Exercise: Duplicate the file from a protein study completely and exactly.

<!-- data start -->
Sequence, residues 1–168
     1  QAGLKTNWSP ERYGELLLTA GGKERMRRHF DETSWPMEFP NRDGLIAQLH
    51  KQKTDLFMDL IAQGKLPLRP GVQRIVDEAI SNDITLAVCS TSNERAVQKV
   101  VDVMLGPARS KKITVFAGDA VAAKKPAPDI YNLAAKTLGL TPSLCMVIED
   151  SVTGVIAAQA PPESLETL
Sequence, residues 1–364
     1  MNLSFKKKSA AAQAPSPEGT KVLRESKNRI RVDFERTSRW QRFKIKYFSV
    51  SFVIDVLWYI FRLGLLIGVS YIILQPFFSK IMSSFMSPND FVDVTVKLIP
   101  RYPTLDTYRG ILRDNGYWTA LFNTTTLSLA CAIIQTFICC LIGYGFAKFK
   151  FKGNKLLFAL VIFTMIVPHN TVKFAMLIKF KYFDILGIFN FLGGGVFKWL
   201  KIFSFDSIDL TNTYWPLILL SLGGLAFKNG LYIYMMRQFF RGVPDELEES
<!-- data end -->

Sequence, residues 1–168
     1  QAGLKTNWSP ERYGELLLTA GGKERMRRHF DETSWPMEFP NRDGLIAQLH
    51  KQKTDLFMDL IAQGKLPLRP GVQRIVDEAI SNDITLAVCS TSNERAVQKV
   101  VDVMLGPARS KKITVFAGDA VAAKKPAPDI YNLAAKTLGL TPSLCMVIED
   151  SVTGVIAAQA PPESLETL
Sequence, residues 1–364
     1  MNLSFKKKSA AAQAPSPEGT KVLRESKNRI RVDFERTSRW QRFKIKYFSV
    51  SFVIDVLWYI FRLGLLIGVS YIILQPFFSK IMSSFMSPND FVDVTVKLIP
   101  RYPTLDTYRG ILRDNGYWTA LFNTTTLSLA CAIIQTFICC LIGYGFAKFK
   151  FKGNKLLFAL VIFTMIVPHN TVKFAMLIKF KYFDILGIFN FLGGGVFKWL
   201  KIFSFDSIDL TNTYWPLILL SLGGLAFKNG LYIYMMRQFF RGVPDELEES